A boy gazes from his nighttime window, dreaming of New York, "the great city on the river that bore my name-Hudson." This personalized opening has the look of a bedtime story and may deter some readers, but Talbott uses dreams as a theme around which he winds an engaging history. He adroitly utilizes the picture-book format to chronicle the Hudson's course through the experiences of various dreamers. He describes the long period of habitation by Native peoples, settlement by Holland and then by England, the "American" revolt against English rule, the post-Revolution boom in shipping traffic, the building of the Erie Canal, and more. Watercolor, colored pencil, and ink illustrations are filled with scenes that are sometimes realistic, at other times more fanciful. A few spreads have color blocks, vignettes, information bits, and a winding river that bears significant dates. The river hit hard times as the rush to commerce made it a dumping ground; it is now in recovery. Echoing the opening tone, he closes with a romanticized and personal note: "It's now my turn to help in keeping the river of dreams flowing, for all those dreamers yet to come." The further reading list and Web sites are of adult interest, but the well-crafted story is an informative and interesting account for personal reading or classroom units in history or environmental issues.-Margaret Bush, Simmons College, Boston

Kirkus Reviews
Opening with his childhood fascination with the river that shares his name, Talbott provides a survey of Hudson River history from its glacial origins and times with early Native American and European settlers through its industrial development and environmental degradation to its new hope for reclamation through citizen action. The clearly written, chronological account also touches on the Revolutionary War, the movement from sail to steam, the importance of the Erie Canal and the river's role in literature and art. With watercolors, colored pencil and ink, the environmentally sensitive author/illustrator has created lushly detailed paintings that tell the story both literally and symbolically. Insets including maps and a stream motif winding through the pages add further information. These images will carry readers along through a moderately difficult but well-paced text. The bibliography includes adult reading but also websites accessible to the middle-grade audience. Libraries that already own Robert Baron and Thomas Locker's The Hudson: A Story of a River (2004) will want this one as well, for its lively narrative and admiring affection. (Nonfiction. 8-11)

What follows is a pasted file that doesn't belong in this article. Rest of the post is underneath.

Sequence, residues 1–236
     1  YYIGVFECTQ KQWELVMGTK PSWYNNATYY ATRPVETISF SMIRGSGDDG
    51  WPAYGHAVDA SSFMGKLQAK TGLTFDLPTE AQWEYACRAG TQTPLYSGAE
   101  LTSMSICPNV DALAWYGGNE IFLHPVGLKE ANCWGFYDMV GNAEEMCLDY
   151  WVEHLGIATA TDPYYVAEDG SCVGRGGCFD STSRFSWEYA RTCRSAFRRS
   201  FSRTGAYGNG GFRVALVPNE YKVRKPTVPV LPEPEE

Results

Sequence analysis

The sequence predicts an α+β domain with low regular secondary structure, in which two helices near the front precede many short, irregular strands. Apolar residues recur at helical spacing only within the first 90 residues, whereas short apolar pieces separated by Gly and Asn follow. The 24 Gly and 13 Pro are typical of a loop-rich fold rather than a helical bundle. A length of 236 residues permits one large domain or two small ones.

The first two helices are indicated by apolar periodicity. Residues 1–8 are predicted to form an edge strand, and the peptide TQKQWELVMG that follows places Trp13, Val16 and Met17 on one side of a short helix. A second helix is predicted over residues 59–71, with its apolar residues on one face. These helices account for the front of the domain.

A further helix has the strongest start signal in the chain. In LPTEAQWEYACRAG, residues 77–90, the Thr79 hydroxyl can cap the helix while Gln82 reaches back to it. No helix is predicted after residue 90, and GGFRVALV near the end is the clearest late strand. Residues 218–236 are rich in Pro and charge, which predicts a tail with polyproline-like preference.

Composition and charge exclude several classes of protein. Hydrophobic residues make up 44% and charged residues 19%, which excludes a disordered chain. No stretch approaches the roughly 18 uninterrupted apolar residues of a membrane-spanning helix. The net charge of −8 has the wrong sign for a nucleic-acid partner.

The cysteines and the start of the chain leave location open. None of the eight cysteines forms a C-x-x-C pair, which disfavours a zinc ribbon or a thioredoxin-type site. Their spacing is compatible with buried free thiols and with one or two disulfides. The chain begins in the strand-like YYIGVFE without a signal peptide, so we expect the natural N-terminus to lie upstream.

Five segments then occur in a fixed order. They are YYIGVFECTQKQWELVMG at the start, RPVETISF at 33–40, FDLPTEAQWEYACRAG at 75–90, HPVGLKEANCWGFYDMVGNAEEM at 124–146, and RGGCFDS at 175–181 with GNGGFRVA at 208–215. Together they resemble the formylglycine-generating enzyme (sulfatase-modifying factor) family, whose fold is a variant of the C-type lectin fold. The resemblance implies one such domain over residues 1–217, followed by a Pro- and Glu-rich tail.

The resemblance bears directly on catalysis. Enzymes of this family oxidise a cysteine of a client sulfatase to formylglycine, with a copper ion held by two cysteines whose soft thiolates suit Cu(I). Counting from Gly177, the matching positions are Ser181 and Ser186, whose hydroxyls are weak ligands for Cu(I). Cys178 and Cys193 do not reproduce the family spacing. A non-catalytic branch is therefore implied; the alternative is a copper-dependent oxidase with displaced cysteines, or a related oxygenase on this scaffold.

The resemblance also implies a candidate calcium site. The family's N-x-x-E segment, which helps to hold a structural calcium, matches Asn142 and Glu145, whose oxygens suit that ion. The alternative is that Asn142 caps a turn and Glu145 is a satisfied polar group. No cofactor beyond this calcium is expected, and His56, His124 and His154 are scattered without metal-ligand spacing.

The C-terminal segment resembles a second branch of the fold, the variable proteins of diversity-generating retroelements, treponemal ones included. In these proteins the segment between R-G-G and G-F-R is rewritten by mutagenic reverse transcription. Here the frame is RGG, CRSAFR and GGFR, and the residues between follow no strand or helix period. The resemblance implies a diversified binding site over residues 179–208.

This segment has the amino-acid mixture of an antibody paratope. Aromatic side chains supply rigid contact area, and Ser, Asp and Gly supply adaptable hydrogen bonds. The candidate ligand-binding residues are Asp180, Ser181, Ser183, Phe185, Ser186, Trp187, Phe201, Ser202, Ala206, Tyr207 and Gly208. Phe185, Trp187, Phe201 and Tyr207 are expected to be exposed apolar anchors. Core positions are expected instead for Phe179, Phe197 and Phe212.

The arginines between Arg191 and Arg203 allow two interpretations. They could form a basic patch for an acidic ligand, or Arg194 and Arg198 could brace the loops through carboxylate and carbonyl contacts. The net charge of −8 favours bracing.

Product Details

ISBN-13:
9780399245213
Publisher:
Penguin Young Readers Group
Publication date:
01/22/2009
Pages:
40
Sales rank:
540,635
Product dimensions:
9.30(w) x 10.90(h) x 0.50(d)
Lexile:
1050L (what's this?)
Age Range:
6 - 8 Years

Meet the Author

"Travel is one of my greatest joys- whether its by land, sea, air - or cyberspace. Last year, for example, I found myself in Amsterdam, Holland, at the Institute of War Documentation, the place where they keep the few records that the Nazis didn't burn. I needed to go there for research on my newest book, Forging Freedom. From there I flew to Wales for a conference about King Arthur and the Holy Grail, research for my King Arthur series. It was great fun to be with a group of Arthurian scholars, in Arthur's homeland. From there I crossed the Irish Sea to Dublin, where I directed a wonderful cast of Irish actors in a taped dramatization of my book O'Sullivan Stew.

My latest journey took me to Kenya, in east Africa, to visit Dr. Jan Grootenhuis, a wildlife expert I had met in India last year. When he invited me to work on a book together with him about the wildlife of Africa how could I say no? I sent email reports back to several schools in the States when we were on safari. It was wild to be sharing my safari experiences as they were happening! In fact, I think the thing I love most about travel is sharing it with others- through a book, a recording, an email report, or a website."

Hudson Talbott was born and raised in Louisville, Kentucky, the youngest of four children. From the time he could pick up a pencil, he has been interested in drawing and creative expression, and he considers himself extremely fortunate to have had family and teachers who encouraged his talents.

After graduating from the Tyler School of Art in Rome, Hudson remained in Europe, first staying in Italy, and then living for two years in Amsterdam. He then worked in Hong Kong and traveled throughout southeast Asia for a year before moving to New York, where he has lived and worked since 1974. In his ten years as a freelance illustrator, his work was commissioned by such clients as the Metropolitan Museum of Art, Bloomingdale's, and New York Magazine. Hudson's first book for young readers, called How to Show Grown-ups the Museum, was commissioned by New York's Museum of Modern Art in 1985. Since then he has written and illustrated more than twelve books for the child in all of us. Hudson's interest in other cultures and his genuine appreciation for all types of people have contributed enormously to the development of his work as both artist and story-teller.